Using Theme Subclasses
Theme classes that represent controls such as ComboBox, Edit, ExplorerBar, Rebar, Tab, and Toolbar can be subclassed in order to provide theme variations for that particular control. For example, the Button class that Windows XP defines is subclassed as
Start::Button in order to provide control over the theme applied to the Start button.
Note Use caution when you create subclasses like those that are discussed in this topic. Because subclasses might be altered or unavailable in subsequent versions of Windows, you are discouraged from using them.
An application can use a subclassed theme in one of these two ways:
- It can use the OpenThemeData function with a string of the form
subclass::classin the pszClassList parameter.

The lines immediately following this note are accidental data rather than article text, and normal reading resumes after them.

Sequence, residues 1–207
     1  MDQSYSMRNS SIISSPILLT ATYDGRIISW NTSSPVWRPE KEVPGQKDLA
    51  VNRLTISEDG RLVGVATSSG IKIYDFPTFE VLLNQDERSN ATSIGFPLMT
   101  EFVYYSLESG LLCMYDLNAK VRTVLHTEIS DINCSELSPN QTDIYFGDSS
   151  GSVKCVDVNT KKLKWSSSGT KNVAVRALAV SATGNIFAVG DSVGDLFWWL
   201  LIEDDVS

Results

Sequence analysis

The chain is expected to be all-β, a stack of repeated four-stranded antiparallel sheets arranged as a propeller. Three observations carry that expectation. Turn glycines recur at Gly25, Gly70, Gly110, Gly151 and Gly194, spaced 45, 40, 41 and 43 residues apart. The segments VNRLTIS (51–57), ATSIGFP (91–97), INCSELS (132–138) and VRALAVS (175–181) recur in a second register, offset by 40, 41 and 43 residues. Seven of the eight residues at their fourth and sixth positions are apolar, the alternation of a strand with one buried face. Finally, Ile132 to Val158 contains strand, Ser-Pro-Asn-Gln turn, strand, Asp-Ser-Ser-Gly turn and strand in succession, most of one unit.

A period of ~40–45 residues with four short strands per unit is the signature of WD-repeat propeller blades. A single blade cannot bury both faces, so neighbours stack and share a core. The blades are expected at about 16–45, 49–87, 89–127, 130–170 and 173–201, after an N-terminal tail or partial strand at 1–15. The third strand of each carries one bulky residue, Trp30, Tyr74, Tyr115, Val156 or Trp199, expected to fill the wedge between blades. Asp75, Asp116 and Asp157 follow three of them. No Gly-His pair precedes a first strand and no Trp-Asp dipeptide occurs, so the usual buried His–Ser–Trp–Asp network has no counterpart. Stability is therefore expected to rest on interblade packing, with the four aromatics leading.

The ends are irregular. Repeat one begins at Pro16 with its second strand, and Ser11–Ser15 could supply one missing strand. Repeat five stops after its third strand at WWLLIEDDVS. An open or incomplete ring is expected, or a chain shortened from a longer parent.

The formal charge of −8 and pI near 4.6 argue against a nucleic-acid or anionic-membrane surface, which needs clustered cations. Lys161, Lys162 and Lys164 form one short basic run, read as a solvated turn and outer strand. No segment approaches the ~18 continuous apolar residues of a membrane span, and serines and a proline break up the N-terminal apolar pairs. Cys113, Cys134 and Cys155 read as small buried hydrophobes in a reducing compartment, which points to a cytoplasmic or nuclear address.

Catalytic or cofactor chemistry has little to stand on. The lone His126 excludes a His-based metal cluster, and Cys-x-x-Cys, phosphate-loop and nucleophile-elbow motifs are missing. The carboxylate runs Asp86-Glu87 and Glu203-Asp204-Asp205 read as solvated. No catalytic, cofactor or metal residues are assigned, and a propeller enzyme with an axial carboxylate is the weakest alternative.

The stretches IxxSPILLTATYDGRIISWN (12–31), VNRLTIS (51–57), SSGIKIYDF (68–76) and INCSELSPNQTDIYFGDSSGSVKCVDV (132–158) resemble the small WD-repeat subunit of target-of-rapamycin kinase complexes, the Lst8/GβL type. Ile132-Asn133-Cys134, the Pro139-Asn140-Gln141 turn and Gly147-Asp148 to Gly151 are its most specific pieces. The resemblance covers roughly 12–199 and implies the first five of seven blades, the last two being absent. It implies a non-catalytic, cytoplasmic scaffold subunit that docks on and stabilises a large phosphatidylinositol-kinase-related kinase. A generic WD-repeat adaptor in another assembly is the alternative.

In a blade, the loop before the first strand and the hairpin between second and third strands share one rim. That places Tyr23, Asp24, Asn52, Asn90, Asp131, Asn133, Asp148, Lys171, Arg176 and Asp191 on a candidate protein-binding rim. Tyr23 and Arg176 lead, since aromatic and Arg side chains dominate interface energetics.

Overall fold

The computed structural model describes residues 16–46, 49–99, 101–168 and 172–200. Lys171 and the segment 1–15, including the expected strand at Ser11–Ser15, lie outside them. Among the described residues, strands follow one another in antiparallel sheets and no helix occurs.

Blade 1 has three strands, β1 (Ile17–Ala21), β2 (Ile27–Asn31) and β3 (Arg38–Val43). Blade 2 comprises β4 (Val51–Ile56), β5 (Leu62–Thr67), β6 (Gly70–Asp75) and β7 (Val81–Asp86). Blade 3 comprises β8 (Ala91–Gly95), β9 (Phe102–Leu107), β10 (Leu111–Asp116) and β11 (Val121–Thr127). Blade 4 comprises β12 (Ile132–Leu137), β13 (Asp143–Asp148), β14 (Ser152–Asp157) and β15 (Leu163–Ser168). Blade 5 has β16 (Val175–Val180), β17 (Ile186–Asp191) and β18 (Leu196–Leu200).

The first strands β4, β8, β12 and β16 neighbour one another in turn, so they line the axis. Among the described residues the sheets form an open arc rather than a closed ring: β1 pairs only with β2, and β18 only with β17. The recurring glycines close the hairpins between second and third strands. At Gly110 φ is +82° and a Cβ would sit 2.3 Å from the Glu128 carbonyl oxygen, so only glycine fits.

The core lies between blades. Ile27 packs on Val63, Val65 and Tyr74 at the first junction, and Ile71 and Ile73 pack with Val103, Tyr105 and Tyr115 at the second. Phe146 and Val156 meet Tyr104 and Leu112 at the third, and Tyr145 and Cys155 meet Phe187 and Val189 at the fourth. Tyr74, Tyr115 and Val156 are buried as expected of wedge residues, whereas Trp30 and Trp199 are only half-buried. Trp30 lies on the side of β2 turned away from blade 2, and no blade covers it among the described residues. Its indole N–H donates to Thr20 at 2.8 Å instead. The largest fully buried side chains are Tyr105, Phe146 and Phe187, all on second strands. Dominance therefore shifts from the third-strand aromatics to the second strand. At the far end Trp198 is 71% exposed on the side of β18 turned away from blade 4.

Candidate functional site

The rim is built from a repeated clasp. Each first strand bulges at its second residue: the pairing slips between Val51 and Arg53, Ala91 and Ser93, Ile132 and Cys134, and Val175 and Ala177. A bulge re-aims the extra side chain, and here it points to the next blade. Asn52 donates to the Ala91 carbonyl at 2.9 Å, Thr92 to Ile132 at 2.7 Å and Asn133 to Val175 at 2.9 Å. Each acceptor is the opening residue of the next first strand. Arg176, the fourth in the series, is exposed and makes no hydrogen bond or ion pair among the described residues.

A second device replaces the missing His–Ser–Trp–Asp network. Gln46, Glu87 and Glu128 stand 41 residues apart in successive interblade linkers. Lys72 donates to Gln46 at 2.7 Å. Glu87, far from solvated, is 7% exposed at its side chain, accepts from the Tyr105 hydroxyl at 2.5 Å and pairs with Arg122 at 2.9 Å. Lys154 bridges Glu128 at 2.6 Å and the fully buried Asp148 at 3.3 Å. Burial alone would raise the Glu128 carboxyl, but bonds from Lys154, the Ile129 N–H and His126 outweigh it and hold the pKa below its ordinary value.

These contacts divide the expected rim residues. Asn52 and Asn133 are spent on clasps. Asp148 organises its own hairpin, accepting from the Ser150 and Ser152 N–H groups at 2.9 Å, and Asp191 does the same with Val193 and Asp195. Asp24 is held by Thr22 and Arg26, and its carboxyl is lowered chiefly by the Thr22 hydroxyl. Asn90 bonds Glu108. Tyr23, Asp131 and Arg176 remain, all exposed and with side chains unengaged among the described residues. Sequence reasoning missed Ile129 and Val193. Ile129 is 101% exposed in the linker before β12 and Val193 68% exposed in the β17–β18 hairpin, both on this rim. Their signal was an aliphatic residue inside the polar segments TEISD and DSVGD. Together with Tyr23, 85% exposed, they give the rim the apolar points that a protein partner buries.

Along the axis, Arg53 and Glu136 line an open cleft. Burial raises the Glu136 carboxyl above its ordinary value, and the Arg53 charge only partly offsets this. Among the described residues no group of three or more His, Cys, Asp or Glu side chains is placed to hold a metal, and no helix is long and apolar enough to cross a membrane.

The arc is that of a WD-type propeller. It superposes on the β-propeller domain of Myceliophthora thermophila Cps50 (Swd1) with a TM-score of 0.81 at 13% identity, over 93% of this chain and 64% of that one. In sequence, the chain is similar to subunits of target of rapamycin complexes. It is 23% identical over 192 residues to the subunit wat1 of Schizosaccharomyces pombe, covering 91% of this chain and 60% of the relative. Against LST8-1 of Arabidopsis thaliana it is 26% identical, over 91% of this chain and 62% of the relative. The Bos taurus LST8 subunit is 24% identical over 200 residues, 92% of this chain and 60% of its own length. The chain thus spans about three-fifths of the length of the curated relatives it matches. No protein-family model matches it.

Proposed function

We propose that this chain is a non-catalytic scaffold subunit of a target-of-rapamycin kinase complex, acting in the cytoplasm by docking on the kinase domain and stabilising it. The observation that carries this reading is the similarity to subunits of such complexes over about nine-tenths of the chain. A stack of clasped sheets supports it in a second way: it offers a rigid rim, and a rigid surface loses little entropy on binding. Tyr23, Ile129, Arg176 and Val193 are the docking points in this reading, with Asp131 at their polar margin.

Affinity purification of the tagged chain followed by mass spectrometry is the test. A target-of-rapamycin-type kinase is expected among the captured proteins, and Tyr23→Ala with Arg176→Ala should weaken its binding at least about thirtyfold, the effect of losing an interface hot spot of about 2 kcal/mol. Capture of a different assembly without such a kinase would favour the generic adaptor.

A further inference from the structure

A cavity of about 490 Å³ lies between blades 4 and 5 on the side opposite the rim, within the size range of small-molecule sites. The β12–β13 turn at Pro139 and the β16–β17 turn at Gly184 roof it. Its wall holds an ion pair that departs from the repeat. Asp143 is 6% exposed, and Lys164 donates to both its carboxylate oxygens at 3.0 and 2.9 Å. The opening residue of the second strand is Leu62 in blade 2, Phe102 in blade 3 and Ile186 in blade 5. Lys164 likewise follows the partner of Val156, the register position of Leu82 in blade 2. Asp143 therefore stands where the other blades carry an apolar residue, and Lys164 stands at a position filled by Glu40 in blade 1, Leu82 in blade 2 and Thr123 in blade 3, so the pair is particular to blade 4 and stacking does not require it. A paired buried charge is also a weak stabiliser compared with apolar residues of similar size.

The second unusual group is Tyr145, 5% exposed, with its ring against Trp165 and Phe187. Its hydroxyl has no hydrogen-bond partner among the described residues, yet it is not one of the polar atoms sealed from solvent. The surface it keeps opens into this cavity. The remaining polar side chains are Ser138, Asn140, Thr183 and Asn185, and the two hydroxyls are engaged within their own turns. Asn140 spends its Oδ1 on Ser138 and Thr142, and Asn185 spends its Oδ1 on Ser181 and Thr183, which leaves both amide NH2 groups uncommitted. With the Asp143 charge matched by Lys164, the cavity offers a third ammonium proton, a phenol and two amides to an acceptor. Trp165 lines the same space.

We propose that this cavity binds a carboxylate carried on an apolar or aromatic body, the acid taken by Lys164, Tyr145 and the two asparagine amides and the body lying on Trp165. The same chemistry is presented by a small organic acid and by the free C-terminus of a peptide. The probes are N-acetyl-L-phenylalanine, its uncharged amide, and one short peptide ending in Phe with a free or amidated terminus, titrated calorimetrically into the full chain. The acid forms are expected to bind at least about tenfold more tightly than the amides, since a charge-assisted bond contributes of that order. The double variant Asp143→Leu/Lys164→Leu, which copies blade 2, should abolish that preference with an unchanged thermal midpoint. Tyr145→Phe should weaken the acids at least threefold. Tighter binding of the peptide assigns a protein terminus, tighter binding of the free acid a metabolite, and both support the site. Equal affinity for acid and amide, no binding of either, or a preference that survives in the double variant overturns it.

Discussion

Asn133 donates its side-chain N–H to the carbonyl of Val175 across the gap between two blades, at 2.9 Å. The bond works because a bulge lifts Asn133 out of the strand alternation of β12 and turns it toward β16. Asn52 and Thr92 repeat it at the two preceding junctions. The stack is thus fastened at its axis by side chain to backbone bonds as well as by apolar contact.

- It can call SetWindowTheme with the theme subclass name in the pszSubAppName parameter.
Certain controls, such as Rebar and Toolbar, provide specific messages that you can send to instruct the control to use a theme subclass. For those controls, provide a pointer to a buffer that contains the theme subclass name in the lParam parameter of the message. Use the generic CCM_SETWINDOWTHEME message, or use a specific variant like those shown in the following table.
The following table lists some of the subclasses that Windows Vista defines.
In Windows Vista, the subclasses of certain classes internal to Windows Internet Explorer and Windows Explorer are available even though the classes themselves are not. The following table lists the available subclasses.
The following table shows the specifics of these classes.
|ADDRESSBAND||ABBACKGROUND||NORMAL (0x1), HOT (0x2), DISABLED (0x3), FOCUSED (0x4)|
|SEARCHBOX||SBBACKGROUND||NORMAL (0x1), HOT (0x2), DISABLED (0x3), FOCUSED (0x4)|